I have a great deal of personal experience in rifle drill; the reason the USMC Silent Drill Platoon uses the M1 Garand for rifle drill is its balance, wood, lack of a magwell and the simple fact that it is a classic rifle, and has no large bolt handle like the 1903. I have done rifle drill with an M1 Garand, it is much easier, though heavier, than any other rifle I have used. I doubt they will ever use an AR platform for rifle drill, the Air Force tried it and found it to be a terrible rifle for use in drill, so they reverted to the M14, mostly to be different from the Marine Corps.

Of all service rifles, the M1 Garand and M14 are the best for use in rifle drill. As far as I know, the only two rifles ever used by the USMC Silent Drill Platoon are the Springfield 1903 and the M1 Garand. It is possible they used the M14 for a short period of time.

Please don't go tossing your M1 Garand around to see how well balanced it is, that is one of the highest sins. It took me five minutes to psych myself up to do a toss for the first time with an M1 Garand; we both lived. Oh, and even in rifles that use a magazine, it is never inserted during drill.
Having done some drill and ceremony work, I like the M-14 rifles over any other for maneuvering. That rifle was meant to do the Queen Anne rifle salute like no other. I've tried working with the M-1 rifles and the M-16 rifles but that M-14 has it over all the other rifles bar none. Rifles and soldiers get picked to do ceremonial work for a variety of reasons. The M-14 gets picked for balance and ease of turning it, etc. The soldiers all get picked because they look good in uniforms, are all about the same height, all are thin to medium (no fat boys like me now are allowed) and they all have no physical disabilities. So everything comes together with lots and lots of practice prior to the actual ceremony date. During practice is when some guys will try to adjust the balance of their rifles in one way or another to meet their personal liking. But, when everything is said and done, that's how the different rifles get tuned, adjusted and chosen for use.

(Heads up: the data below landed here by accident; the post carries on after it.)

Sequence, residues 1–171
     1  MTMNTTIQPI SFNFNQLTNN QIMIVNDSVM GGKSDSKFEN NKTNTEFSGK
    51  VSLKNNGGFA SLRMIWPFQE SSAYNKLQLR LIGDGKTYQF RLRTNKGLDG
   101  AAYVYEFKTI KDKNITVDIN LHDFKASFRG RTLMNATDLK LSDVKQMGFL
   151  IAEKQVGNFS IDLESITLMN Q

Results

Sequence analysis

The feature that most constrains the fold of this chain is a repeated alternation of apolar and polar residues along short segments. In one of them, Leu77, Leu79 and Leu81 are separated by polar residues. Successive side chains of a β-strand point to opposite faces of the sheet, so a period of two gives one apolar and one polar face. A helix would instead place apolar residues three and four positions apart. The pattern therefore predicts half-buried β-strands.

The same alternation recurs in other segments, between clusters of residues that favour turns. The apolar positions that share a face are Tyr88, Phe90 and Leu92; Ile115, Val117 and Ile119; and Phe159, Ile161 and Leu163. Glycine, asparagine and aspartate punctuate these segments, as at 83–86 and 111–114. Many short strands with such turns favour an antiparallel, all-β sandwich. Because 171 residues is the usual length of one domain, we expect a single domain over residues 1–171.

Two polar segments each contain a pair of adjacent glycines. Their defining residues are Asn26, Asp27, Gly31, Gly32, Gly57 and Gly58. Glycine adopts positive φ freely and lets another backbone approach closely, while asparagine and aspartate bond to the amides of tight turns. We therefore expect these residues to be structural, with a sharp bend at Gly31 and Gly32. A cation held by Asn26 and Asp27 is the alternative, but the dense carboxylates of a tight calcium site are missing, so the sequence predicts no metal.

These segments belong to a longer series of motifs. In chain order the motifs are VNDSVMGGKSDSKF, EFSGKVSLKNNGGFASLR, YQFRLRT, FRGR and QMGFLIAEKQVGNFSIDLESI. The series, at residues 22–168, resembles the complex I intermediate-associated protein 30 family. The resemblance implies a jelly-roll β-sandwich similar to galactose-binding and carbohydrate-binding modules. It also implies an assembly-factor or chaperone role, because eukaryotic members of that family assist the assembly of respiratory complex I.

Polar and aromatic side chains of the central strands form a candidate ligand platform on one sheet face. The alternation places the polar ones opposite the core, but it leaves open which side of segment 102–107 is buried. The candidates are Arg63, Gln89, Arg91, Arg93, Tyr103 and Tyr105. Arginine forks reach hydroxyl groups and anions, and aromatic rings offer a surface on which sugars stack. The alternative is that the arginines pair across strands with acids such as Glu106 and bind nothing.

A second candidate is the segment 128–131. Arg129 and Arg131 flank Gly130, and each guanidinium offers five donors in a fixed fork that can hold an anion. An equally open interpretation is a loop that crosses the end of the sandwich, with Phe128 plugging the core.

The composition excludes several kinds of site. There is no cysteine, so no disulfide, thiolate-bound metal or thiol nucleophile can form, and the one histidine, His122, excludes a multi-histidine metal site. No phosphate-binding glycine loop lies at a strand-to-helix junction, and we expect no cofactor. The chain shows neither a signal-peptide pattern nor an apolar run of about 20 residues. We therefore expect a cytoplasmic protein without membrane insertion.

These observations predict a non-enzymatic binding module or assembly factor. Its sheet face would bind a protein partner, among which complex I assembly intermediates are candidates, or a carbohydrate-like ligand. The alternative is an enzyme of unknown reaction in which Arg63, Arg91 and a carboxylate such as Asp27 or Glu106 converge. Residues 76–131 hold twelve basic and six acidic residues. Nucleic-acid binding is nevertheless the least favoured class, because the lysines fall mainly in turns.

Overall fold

We used M1s for drill back when I was in ROTC. Among other things, it seems to be easier to synchronize inspection arms than with the M16. It also gave us the option to loosen up the handguards in order to create a louder "crack" when handling the weapons.

Also, most rifles used exclusively for drill are de-milled. Ours had the barrels plugged and welded and firing pin hole in the bolt welded shut. It wouldn't make much sense to do this with current issue M16s when there are so many M1s and M14s laying around unused.
Rifleman173, with the M14, is the mag in or out? Is it a 20 rounder or shorter 10 rounder? Not get in the way?

Thanks everyone who chimed in - yeah, I guess the P-grip of an M16 would really prevent your spinning moves - you want a rifle with a profile that is as "straight" as possible, like a stick, and that ain't the M16.
With an M-14 you have a couple of options. Most of the time the magazine is out for D & C. There is, however, a short magazine that sets flush with the bottom of the rifle. I think that it only holds like 5 or 7 rounds and you used to have to special order it. I'm not sure if they still make that short magazine for the M-14 any more. You can also use an M-1A like you would an M-14 but it may not be good for the glass bedding of the rifle if you drop it. I know that I wouldn't use an M-1A like a D & C M-14 rifle but I knew a couple of guys who did that once many years ago.
Can't have loose handguards in an M4...

poh, come now. if you truly believe that, you dont own enough ar15's :)

most ar15 standard handguards wiggle!